The Vision

Empowering people to explore the mediality of history and memory by means of digital technologies

Who we are

“Visual History of the Holocaust. Rethinking Curation in the Digital Age” is an innovation action funded by the European Commission’s Horizon 2020 programme and carried out by an international consortium of 13 members with 2 associated partners. It started on January 1, 2019 and continues until December 31, 2022.

What we do

We aim at a re-evaluation of the visual history of the Holocaust, based on a comprehensive mapping, contextualization, and reframing of film documents recorded by Allied troops during and subsequent to the liberation of Nazi concentration camps at the end of World War II.

We expand and contrast this corpus of images circulating in the West with little-known images from the East created by Allied Soviet cameramen from 1941 to 1945.

We are concerned with the advanced digitization and digital curation of these films, accompanying documents, and cultural heritage materials in general.

We link both well-known and unknown, edited and unedited examples of this so-called liberation footage to inform about how these images were produced, where they were shown, and how different audiences responded to them.

We trace these images through time and provide tools to explore how they have been used and reused in various contexts.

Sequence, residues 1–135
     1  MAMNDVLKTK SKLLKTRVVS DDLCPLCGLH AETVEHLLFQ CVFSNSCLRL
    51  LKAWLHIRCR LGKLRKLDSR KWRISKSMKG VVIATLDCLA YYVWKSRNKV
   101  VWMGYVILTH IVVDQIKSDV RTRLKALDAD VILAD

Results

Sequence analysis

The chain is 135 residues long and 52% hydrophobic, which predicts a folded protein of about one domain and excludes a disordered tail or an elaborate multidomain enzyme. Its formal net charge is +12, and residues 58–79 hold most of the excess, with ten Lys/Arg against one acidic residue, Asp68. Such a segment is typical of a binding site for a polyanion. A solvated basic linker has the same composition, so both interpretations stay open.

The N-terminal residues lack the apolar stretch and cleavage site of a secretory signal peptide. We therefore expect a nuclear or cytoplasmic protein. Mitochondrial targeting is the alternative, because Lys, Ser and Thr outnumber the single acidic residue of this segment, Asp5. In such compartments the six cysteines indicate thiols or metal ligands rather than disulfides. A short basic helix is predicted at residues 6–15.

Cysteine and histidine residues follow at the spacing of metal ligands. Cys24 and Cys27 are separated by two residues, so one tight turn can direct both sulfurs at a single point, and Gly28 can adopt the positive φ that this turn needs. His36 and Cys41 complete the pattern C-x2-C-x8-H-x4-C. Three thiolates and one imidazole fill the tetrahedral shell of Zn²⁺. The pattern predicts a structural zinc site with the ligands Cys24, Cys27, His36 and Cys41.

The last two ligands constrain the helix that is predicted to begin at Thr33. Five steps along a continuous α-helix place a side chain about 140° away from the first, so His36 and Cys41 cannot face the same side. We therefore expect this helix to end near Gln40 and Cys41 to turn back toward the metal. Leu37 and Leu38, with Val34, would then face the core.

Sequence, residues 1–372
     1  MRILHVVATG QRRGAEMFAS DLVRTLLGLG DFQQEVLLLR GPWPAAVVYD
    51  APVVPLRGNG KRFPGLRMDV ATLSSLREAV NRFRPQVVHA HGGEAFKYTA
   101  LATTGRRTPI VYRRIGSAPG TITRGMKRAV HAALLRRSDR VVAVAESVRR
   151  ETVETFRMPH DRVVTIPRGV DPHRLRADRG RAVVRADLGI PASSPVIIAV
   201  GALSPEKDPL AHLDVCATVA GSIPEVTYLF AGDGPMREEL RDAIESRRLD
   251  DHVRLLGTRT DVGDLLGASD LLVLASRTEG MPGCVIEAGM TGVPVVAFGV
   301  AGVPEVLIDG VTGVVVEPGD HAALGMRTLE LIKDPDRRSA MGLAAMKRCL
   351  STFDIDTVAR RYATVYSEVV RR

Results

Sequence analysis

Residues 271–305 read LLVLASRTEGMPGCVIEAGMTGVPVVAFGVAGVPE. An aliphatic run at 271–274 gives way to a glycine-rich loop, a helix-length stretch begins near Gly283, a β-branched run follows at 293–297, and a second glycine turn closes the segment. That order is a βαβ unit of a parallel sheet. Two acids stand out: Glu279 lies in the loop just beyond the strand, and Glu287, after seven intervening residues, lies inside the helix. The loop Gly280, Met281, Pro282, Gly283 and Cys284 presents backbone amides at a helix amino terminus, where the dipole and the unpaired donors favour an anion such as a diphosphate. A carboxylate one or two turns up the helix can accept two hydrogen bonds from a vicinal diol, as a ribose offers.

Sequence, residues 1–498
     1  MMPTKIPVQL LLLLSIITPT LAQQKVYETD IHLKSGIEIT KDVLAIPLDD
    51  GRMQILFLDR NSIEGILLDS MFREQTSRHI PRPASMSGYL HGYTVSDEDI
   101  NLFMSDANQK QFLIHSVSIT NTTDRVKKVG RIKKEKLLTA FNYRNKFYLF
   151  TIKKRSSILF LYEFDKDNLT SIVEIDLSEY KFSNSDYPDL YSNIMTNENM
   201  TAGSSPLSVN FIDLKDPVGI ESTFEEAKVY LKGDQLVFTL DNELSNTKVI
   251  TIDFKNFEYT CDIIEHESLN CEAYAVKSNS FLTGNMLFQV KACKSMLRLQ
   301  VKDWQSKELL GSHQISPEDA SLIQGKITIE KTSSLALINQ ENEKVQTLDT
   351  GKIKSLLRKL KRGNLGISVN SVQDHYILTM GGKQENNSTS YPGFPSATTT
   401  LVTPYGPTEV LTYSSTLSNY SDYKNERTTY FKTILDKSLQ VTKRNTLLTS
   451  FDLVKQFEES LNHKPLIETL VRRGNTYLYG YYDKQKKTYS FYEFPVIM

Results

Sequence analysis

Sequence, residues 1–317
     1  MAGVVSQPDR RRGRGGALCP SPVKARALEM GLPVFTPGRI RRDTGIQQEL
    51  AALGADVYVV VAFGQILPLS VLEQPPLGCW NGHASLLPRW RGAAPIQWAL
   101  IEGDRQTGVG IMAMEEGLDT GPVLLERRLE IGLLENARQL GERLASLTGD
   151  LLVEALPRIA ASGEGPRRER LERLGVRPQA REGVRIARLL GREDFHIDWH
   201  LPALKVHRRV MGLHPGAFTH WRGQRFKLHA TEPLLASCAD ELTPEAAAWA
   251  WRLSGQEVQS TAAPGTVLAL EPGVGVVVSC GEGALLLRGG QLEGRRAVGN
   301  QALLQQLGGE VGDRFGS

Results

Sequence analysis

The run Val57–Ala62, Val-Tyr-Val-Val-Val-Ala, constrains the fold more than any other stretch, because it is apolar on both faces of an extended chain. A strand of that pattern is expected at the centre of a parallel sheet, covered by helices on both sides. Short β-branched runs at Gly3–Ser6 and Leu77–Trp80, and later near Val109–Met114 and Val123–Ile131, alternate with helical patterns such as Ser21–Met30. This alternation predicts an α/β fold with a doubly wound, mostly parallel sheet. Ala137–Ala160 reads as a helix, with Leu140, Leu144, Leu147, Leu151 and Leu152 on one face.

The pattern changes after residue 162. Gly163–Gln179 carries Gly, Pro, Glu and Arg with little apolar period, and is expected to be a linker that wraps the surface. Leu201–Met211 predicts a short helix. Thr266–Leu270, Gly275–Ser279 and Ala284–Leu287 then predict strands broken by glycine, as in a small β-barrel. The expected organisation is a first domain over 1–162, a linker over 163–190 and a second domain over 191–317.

We develop new methods in digital curation by dynamically linking the filmic records with photographs, text documents, and oral histories in order to discover and unlock layers of context and meaning inaccessible through traditional linear narrative modes.

We follow an interdisciplinary approach drawing on the combined strength of experts from heritage institutions (archives, museums, and memorial sites), film scholars, historians and other researchers in the humanities, digital video experts and developers.

We apply sophisticated technologies such as automated analysis, time-based annotation as well as location-based services.

We create metadata solutions and vocabularies that may also be used in other fields of digital curation.

We combine state-of-the-art concepts and practices from information science, museum pedagogy and digital storytelling to design a new approach for the engagement with the Holocaust.

We innovate curatorial work with digitized film and media collections by developing new participatory forms of user interaction and enabling users’ engagement and co-creation.

We increase critical awareness for the use of imagery about mass murder by elaborating an ethics guideline about the digital curation of filmic records and contextual documents related to the Holocaust.